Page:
the Church (Matthew 28:19-20; Mark 16:15-16; Luke 24:47-48; Acts 1:8). Even
though only certain members take on specific teaching assignments, the
responsibility for teaching rests upon the whole Church. A parish that
neglects the teaching function loses something that is indispensable to its
nature as a church.


In very
broad terms, our Church School teaching should mainly be concerned with the
growth of eternal life within the students, with their development in the
likeness of God who gives this life. The religious knowledge we impart to our
pupils should contribute to their progressive transformation toward the
character, values, motives, attitudes, and understandings of God as revealed in
Christ (see Galatians 2:20). Our goal is growth in Christ-likeness through faith
development (II Corinthians 3:18). The purpose of the Church School then should
be to communicate and to nurture faith-as-life.


Does It Mean That We Teach in the Church?


We all
tend to think of Church School as a group of teachers, administrators, and
students joined together by the organizational structure of classes, graded
curricular materials, and role expectations. Taken up by our particular tasks on
Sunday mornings, we lose sight of the sacramental reality of Christ’s body
which unites us with the Lord and through Him with one another. The Body of
Christ was formed that we might minister in love to one another’s growth in
Christ (Ephesians 4:12-13). We grow in Christ’s life, individually and
corporately, precisely as we serve one another and thus build up the Church (see
I Thes­salonians 5:11; Ephesians 4:12, 16, 19, 29; I Corinthians 14:4, 5, 12,
17). Each member of the Church is equipped by God to make this ministry to
others possible.


As Church
School teachers we need to get back the outlook of the early Church regarding
the gifts or charismata of the Holy Spirit, of which teaching is one. St.
Paul says very clearly that, “To each (i.e., member of the Church) is given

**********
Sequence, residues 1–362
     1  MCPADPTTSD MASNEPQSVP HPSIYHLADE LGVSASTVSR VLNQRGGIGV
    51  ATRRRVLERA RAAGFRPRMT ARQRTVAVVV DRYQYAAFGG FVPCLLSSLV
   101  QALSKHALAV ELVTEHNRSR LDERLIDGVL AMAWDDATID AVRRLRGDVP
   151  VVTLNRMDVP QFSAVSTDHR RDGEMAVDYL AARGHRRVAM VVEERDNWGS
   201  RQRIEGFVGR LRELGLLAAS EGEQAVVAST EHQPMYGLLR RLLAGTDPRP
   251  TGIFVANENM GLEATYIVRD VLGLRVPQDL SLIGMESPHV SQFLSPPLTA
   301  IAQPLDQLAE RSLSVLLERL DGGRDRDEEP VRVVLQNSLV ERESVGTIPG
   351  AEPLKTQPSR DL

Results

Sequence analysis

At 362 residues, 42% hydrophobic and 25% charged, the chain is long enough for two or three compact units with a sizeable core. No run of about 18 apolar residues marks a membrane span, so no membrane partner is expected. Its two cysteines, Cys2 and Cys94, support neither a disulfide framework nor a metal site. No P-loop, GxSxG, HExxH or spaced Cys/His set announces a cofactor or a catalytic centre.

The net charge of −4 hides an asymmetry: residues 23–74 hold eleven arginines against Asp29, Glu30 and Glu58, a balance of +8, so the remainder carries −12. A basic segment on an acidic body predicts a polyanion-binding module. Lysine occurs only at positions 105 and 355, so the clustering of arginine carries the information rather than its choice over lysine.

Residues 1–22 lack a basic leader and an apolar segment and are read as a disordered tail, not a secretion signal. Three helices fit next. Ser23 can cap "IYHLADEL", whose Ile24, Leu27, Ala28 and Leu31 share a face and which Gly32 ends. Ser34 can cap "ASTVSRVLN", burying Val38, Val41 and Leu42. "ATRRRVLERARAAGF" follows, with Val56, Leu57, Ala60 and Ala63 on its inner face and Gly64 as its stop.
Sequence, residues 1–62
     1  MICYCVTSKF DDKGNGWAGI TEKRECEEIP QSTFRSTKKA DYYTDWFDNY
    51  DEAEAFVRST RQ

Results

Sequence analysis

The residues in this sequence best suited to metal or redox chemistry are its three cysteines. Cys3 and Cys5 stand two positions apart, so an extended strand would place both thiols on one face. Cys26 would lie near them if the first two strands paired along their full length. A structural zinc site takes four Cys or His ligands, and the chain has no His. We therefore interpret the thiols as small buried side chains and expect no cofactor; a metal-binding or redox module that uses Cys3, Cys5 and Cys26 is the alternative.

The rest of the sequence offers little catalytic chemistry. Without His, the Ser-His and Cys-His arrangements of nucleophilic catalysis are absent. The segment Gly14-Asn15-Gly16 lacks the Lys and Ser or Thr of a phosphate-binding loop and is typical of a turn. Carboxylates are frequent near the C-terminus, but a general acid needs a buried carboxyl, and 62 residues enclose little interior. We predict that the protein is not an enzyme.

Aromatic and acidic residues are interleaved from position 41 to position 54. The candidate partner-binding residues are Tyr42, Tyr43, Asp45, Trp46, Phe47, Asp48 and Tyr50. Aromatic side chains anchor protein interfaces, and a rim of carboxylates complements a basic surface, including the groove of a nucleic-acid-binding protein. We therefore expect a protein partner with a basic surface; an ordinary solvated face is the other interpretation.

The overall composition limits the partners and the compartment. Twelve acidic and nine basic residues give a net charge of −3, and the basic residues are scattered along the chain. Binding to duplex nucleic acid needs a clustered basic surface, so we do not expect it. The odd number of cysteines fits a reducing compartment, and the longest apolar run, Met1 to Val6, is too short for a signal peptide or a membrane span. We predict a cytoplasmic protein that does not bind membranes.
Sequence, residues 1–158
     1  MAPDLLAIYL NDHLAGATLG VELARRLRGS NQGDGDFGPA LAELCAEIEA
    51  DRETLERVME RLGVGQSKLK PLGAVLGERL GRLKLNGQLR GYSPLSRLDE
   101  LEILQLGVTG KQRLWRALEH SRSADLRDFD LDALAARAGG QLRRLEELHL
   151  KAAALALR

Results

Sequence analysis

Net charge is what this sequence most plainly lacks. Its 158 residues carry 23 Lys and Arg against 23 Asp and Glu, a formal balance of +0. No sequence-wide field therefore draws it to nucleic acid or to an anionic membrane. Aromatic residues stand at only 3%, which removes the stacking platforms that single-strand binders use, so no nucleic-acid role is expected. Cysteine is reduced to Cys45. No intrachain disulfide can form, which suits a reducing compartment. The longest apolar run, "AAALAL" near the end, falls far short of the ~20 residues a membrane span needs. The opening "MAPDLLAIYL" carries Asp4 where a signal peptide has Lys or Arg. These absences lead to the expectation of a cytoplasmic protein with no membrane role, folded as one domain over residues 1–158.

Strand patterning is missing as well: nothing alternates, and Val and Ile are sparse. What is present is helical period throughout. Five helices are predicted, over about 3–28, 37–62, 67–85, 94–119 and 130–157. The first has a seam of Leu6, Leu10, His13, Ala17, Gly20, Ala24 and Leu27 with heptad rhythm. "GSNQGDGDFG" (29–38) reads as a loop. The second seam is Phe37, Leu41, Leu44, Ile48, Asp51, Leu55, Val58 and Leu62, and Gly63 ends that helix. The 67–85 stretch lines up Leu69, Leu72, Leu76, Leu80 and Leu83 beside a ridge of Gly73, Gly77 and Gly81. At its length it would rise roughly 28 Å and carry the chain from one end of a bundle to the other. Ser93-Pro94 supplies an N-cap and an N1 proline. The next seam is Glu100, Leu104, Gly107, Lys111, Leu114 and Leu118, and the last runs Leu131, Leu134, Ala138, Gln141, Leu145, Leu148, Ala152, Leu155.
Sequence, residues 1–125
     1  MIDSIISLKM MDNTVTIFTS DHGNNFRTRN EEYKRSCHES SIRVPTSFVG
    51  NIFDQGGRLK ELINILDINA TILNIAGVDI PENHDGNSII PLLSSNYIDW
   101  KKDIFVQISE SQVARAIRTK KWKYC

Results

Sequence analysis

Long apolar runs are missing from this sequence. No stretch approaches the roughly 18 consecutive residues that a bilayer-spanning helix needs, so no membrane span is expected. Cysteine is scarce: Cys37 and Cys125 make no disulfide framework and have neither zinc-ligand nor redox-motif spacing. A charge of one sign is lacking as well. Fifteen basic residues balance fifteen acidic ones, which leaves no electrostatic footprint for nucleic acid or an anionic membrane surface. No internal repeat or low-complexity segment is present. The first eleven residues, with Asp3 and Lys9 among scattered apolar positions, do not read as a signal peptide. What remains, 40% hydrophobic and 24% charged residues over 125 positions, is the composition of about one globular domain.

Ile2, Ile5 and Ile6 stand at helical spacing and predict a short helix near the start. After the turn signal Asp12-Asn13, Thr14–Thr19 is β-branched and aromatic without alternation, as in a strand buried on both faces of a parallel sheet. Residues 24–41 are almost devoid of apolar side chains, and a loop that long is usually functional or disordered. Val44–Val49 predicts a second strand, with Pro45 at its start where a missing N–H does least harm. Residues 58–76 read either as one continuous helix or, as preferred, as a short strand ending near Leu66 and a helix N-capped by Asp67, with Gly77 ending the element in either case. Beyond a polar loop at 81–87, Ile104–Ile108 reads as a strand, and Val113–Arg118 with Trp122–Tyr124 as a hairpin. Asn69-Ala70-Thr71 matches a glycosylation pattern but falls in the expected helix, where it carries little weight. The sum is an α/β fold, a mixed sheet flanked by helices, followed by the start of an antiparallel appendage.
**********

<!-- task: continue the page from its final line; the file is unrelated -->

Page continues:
the manifestation of the Spirit for the common good” (I Corinthians 12:7). And
in his letter to the Ephesians, the Apostle Paul writes, “Grace was given to
each of us according to the measure of Christ’s gift” (4:7). St. Paul puts
teachers high up in the list of workers whom God has chosen to labor in the
Church (see I Corinthians 12:27-31; Romans 12:6-8; Ephesians 4:11-12).


Christian education is guided growth in divine life. The teaching ministry is at
heart a relationship of love between the teacher and his students. This means
that in the design and teaching of curricular materials we must provide
guidelines for the communication of the faith in a person-to-person setting. We
have been taken up too long with the content of our lessons, with how much
information we want to transmit to our students, while ignoring the actual
dynamics of the teaching-learning process in the classroom.


School is no substitute for the Divine Liturgy, just as informed worship “in
Spirit and truth” (John 4:24) means that careful religious instruction is
indispensable. We need to prepare our children to “pray with the spirit and
... pray with the mind also,” to “sing with the spirit and sing with the
mind also” (I Corinthians 14:15). Corporate worship, no less than religious
instruction, need to be understood as points in the rhythm of withdrawal from
the world for the purpose of ministry to the world. We need to help our students
and teachers alike to grow in the understanding of the Divine Liturgy as a
movement of God’s people to His Kingdom from which we bear the Light of Christ
back into the world.